Singapore could be importing electricity from Malaysia as early as next year, as part of a long-term plan to bolster clean energy generation and consumption across the region.
Singapore regulator Energy Market Authority (EMA) on Monday unveiled plans to issue a Request for Proposal (RFP) by March next year to import 100MW of electricity from Malaysia. Electricity imports could begin as early as end-2021, using the existing interconnector between the two countries.
Sharing clean energy
Malaysia has hugely ambitious plans for clean energy, with a goal of using solar and biomass to grow its renewable share from around one percent to 20 percent by 2025. Its grid is already connected to that of Singapore, via submarine cables with a capacity of 200MW which feed to Senoko, where Singapore has a power station.
The announcement was made at this week's Singapore International Energy Week (SIEW), an annual event which this year switched to a hybrid virtual and in-person format, with the latter featuring a pilot run of pre-event rapid Covid-19 testing for physical attendees.
The proposal is expected to make up to 1.5 percent of Singapore’s peak energy demand, which recorded the highest monthly peak demand last year at 7.4GW in May.
Speaking on the first day of SIEW, Singapore’s Trade and Industry Minister Chan Chun Sing said: “We will kick this off by importing 100MW of electricity imports for a trial period of two years to see how the market works and to see how the technical challenges can be overcome. This will allow the region to share the clean energy sources that different countries may have.”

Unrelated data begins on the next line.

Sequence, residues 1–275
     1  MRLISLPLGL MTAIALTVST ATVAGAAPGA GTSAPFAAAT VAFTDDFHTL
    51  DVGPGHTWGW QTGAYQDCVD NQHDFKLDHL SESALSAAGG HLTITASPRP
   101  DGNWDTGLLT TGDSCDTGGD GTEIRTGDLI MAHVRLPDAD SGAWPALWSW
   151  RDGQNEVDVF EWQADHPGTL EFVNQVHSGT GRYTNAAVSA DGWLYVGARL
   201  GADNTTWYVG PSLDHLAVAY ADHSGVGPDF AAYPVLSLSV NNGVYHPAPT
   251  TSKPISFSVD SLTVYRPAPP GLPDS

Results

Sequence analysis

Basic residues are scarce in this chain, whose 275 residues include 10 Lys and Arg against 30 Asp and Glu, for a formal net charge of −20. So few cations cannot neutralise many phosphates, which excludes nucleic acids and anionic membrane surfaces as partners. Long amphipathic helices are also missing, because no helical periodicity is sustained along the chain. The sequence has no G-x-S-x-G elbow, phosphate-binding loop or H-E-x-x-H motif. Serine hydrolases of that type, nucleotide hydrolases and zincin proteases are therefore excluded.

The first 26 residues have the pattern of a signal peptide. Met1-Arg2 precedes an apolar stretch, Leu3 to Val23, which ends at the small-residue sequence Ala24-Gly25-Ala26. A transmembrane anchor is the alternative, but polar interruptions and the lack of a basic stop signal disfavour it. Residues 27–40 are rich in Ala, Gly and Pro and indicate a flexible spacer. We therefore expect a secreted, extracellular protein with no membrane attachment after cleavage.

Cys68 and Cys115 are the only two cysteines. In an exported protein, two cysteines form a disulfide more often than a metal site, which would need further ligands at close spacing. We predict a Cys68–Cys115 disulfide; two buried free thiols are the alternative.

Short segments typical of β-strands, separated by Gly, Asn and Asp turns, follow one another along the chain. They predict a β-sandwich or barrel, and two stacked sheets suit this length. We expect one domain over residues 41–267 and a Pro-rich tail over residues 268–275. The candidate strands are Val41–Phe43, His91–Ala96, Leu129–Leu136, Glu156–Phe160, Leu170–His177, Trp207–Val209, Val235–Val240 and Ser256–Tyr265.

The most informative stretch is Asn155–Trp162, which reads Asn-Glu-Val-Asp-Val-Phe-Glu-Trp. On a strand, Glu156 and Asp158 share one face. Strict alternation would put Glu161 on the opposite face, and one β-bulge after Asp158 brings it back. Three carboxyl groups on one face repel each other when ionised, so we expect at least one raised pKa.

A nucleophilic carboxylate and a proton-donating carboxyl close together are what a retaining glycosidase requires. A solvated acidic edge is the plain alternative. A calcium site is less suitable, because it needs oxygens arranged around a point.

“This year, we want to front load it, notwithstanding Covid-19, by bringing forward the deployment of solar, and we will catalyze this through public sector initiatives. With greater reliance on renewable energy sources, some other challenges will arise. We have to fix the intermittency problem, and storage will be one key issue that we have to resolve.”
Concerns over the carbon footprint of data centers in Singapore was understood to have led to a moratorium on new data centers until 2021, though previously approved builds have continued to launch. The sole exception to date was when SPH and Keppel announced plans in June to develop and run a new data center at SPH’s current Genting Lane property in Singapore.
As we reported previously, the last official figures back in 2014 revealed that data centers already made up seven percent of Singapore’s electricity consumption. With scores of data centers built since and slower overall growth in energy consumption, this percentage is almost certainly higher now. Leveraging electricity generated in neighboring countries is hence one way for Singapore to meet its climate change commitments.
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